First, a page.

4. Buddy Bell (6). Total = 255.29. Better than I realized. Both WARP and WS love his defense, and he’s on the good side of the in-out line by both metrics in my system. Very similar to Nettles. I’m convinced that baserunning and gidp, which are not adequately accounted for in WS and WARP (WS does get the gdip) put Nettles ahead of Bell, even though my numbers have them reversed.
5. Luis Tiant (9). Total = 240.33. My system likes his effectiveness, even though he was not especially durable for his time. His durability in the early 1970s may have been affected by his pitching in an extreme hitter’s park.
6. Alejandro Oms (3) Est. Total = 260.37. Oms has a long, strong prime without a great peak, like most of the top candidates in my backlog pool. I think my period adjustments are leading him to be a little overrated, so I’ve dropped him a bit from where his numbers put him until I have time to do a full review of the period-adjustment problem, which is caused by WARP1’s frar.
7. Dave Concepcion (16). Total = 238.22. Increasingly convinced that he belongs. He’s brought down in my rankings by win shares, and I’m ranking him now more where WARP1 and WAR put him.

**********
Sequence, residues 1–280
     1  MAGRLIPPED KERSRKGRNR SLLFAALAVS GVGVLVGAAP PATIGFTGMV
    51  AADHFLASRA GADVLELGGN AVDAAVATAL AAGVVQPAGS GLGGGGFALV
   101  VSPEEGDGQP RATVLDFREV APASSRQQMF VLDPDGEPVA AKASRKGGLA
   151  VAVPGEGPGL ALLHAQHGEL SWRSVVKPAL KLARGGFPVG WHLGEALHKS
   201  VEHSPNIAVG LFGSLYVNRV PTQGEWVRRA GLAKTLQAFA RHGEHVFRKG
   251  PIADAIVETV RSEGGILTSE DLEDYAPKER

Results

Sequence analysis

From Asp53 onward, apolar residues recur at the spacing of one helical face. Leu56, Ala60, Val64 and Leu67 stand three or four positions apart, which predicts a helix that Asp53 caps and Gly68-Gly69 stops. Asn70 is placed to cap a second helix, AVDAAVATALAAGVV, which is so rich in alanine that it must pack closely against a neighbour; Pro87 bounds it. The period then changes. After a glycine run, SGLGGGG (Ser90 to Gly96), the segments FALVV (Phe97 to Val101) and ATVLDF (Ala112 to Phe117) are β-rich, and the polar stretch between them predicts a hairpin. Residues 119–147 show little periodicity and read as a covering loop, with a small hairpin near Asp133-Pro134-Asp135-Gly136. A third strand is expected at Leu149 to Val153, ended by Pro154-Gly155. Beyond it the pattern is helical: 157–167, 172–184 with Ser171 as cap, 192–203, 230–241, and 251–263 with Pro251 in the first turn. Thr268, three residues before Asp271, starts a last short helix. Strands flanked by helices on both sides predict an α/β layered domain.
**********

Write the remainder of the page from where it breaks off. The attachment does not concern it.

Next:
8. Reggie Smith (10) Total = 243.15. Never had dominating seasons because his batting and fielding peaks are separate and he was out of the lineup a lot, but he never had a bad year, either.
9. Dave Bancroft (8). Total = 253.25. Dropping him a bit because of problems with my period-adjustment system. The best combination of bat and glove among eligible shortstops, but in an easier era. If he could have stayed in the lineup more, we’d have elected him long ago, as he was a slightly better ballplayer than Sewell with a longer career. But having few seasons of 145+ games hurts him.
10. Rabbit Maranville (5) Total = 256.67. An all-time great defensive shortstop who hit enough in his prime to play at a consistent, all-star level. Current leader among eligible players in career WARP1 even without war credit for 1918 (which he also merits), he is the only long-career shortstop between Wagner and Appling. Using WAR moderates how well he does in my system, but applying my system to WAR still shows him as quite worthy.
11. Leroy Matlock. (68) Est. Total = 237.9. I’m not ranking quite as highly as his numbers indicate I should (I’m putting pitchers 5-10 above their listed totals, generally, to equalize them with position players) because players for whom I have numbers in only one system (in this case, MLE win shares) seem to place a little high. I am with Eric Chalek in my support for Matlock, however.